It was mid-March 2020, and I, like so many others, will never forget how concerned I felt as I prepared to leave my office indefinitely to work from home due to the threat of COVID-19-19. It was a time when all of us were worried about our health and our futures, regardless of our circumstances. One of my coworkers asked if the Compeer program, which I oversee at Westchester Jewish Community Services (WJCS), one of the largest human service organizations in Westchester County, was over. Although I answered no, I was secretly afraid that it would be difficult or impossible to sustain the program from home, with little or no in-person contact between volunteers and the clients or between me and the volunteers and clients, and without any group events that are such an important component of the socialization process we facilitate.
Compeer Inc. is an international program that engages volunteers to provide one-on-one supportive friendships and mentoring to improve the quality of life for adults recovering from mental illness. For over 16 years, I have coordinated WJCS’s Compeer program and have consistently been delighted to see how an individual’s self-esteem and overall quality of life is improved by the friendships developed with our dedicated group of volunteers. When I recruit, interview, screen, and train volunteer candidates, I make it clear that it requires committing to visiting or calling their Compeer friend for a minimum of four hours a month for one year.
The goal of Compeer is to help offset the loneliness and isolation that accompany mental illness and to provide increased social interaction, positive role models, and access to educational and recreational activities in the community. At the start of the pandemic, it was not clear to me how I could continue to ensure that the program would be successful under these conditions.
Yet, shortly after beginning to work from home, I noticed a surprising thing was happening. I was receiving more inquiries from potential volunteers than ever before. Many people wanted to volunteer because they both wanted to help lonely people and decrease the loneliness that they, themselves, felt as a result of the pandemic. The inquiries were coming from all over the tri-state area, from men and women of all ages and backgrounds. Since volunteers and clients were temporarily connecting through phone and computer contact only, volunteers who lived relatively far from Westchester County were able to be matched with clients in the county. Some of my first new volunteers were accomplished, enthusiastic college students, one of whom referred several of her friends. I was able to match all of these college students with clients on the waitlist, two of whom were in their seventies. Both of these matches, with a male and female college student in the volunteer role, were successful despite the age differences. The older adults enjoyed having energetic and kind young people to converse with them.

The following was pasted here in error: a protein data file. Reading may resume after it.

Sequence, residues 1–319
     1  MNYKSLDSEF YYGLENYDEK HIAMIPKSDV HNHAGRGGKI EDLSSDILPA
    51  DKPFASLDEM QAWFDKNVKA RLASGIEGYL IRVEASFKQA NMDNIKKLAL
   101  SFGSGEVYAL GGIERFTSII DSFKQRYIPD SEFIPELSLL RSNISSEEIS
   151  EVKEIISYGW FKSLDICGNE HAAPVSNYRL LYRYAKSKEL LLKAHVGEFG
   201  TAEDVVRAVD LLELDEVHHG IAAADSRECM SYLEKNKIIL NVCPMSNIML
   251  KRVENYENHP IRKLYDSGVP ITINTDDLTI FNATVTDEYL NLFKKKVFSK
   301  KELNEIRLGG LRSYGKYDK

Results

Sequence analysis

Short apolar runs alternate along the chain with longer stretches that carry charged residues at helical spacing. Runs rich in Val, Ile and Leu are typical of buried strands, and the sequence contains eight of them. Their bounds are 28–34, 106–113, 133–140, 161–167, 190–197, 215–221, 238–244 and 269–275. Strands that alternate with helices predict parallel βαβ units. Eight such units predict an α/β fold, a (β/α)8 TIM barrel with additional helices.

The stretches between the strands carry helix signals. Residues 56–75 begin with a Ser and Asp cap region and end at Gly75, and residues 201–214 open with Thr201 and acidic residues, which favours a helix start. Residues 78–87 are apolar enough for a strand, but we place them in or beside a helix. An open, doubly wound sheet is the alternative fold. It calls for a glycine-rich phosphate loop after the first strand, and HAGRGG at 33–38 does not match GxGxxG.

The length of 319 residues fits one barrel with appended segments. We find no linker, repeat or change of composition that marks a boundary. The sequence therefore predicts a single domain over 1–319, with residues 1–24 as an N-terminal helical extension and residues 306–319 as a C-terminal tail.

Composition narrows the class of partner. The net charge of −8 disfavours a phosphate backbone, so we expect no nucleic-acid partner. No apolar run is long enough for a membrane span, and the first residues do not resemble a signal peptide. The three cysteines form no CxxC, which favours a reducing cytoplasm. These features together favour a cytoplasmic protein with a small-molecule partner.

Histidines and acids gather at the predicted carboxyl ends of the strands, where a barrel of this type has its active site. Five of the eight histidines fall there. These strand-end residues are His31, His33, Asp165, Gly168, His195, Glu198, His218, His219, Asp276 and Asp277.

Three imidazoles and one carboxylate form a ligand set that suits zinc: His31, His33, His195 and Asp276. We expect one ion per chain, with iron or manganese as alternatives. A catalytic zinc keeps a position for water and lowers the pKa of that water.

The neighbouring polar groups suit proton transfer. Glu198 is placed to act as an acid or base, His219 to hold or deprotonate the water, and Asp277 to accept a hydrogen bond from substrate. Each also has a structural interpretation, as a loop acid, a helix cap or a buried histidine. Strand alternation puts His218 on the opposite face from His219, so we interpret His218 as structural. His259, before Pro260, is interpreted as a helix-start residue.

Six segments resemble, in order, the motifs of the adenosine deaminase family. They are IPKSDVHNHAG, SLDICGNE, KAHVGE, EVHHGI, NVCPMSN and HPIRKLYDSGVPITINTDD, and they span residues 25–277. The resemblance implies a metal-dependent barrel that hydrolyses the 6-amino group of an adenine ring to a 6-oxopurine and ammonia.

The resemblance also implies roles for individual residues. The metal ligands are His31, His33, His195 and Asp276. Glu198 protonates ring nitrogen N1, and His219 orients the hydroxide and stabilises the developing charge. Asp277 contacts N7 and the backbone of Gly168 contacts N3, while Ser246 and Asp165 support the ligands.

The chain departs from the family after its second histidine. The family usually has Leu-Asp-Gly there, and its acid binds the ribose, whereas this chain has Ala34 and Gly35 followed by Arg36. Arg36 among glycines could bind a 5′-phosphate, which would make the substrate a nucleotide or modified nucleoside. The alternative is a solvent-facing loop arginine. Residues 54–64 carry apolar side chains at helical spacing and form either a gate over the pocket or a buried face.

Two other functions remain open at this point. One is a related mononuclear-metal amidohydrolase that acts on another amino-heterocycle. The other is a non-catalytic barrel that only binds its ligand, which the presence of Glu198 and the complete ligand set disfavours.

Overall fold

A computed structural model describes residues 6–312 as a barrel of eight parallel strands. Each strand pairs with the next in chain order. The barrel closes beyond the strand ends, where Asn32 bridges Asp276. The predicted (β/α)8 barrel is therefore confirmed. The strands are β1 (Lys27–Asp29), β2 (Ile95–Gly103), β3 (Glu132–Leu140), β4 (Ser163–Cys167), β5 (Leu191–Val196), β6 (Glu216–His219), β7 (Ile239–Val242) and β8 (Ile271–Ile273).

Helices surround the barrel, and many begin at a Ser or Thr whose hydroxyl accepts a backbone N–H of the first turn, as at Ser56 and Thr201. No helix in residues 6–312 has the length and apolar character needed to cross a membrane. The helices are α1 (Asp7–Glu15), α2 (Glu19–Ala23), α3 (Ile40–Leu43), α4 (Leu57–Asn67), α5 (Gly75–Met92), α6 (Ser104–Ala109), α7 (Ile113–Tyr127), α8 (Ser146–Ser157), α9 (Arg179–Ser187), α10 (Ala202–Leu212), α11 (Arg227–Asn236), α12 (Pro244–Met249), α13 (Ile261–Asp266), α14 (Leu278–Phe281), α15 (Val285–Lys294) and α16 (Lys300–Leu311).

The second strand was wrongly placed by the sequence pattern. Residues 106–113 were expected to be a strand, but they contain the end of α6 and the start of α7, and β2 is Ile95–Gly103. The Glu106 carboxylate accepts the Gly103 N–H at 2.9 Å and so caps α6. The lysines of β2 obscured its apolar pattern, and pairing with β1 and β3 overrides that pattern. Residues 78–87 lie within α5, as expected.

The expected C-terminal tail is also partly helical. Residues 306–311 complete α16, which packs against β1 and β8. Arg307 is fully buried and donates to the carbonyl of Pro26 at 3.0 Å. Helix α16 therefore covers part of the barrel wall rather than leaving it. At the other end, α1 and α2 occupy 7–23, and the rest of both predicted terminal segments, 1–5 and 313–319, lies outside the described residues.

I was also fortunate enough to be contacted by multiple retired mental health professionals and teachers who were interested in volunteering. One retired mental health professional took on two challenging clients and never failed to send me detailed monthly reports about her interactions with both clients. Another volunteer who had already been matched before the pandemic asked for and received a second client. He began meeting with both clients regularly in person when it was deemed relatively safe to do so. In fact, there are now numerous matches that are currently able to enjoy meeting in person again while still following COVID-19 safety precautions.
Before the pandemic, I had always interviewed and trained volunteers in person and had also conducted intake interviews with clients in person. Beginning in March 2020, I became increasingly comfortable doing interviews and training sessions over the phone and was pleasantly surprised by how willing people were to answer personal questions from someone they had never even met in person. Both clients and volunteers were also excellent, for the most part, about keeping me posted on their matches and bringing up any concerns or questions they had. Most volunteers who wanted to meet with a match in person were even willing to get fingerprinted despite COVID-19 concerns.
I was fortunate enough to receive my second dose of the COVID-19 vaccine in early February 2021, and later that month was asked to come back to the office one of the three days a week that I work. I was very pleased to have some time in the office again and to see some of my coworkers in person. Although I had been able to get work done from home, there were some things that were simply easier to do in an office with fewer distractions. I am allowed to offer group events again and believe that I will do so within a few months. In addition, I am, thankfully, about to schedule the first in-person interview and training session with a volunteer since before the pandemic. Although the volunteer lives in Queens and was told that everything could be done over the phone, she chose to make the trip and meet with me in person. Considering the isolation brought on by the pandemic, her wish is not surprising. I have been fortunate to be able to administer the Compeer program during the pandemic despite challenging circumstances and look forward to continuing to do so under easier conditions as we make our way out of the pandemic.